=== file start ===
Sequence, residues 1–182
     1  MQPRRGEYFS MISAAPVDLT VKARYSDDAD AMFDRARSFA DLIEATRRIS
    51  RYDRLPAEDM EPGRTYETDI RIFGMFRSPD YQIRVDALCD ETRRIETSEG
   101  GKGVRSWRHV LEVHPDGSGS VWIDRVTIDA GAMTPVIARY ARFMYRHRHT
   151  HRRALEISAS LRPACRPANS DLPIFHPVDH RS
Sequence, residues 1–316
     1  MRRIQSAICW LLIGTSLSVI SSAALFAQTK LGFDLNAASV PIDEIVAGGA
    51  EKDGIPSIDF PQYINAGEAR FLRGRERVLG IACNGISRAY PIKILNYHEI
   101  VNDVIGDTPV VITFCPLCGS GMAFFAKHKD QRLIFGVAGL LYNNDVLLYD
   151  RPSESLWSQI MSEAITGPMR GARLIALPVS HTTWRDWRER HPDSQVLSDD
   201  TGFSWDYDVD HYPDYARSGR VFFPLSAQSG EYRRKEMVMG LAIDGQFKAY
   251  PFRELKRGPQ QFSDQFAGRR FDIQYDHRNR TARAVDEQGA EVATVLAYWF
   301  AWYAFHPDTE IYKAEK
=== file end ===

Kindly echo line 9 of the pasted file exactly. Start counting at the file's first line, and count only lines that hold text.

   101  VNDVIGDTPV VITFCPLCGS GMAFFAKHKD QRLIFGVAGL LYNNDVLLYD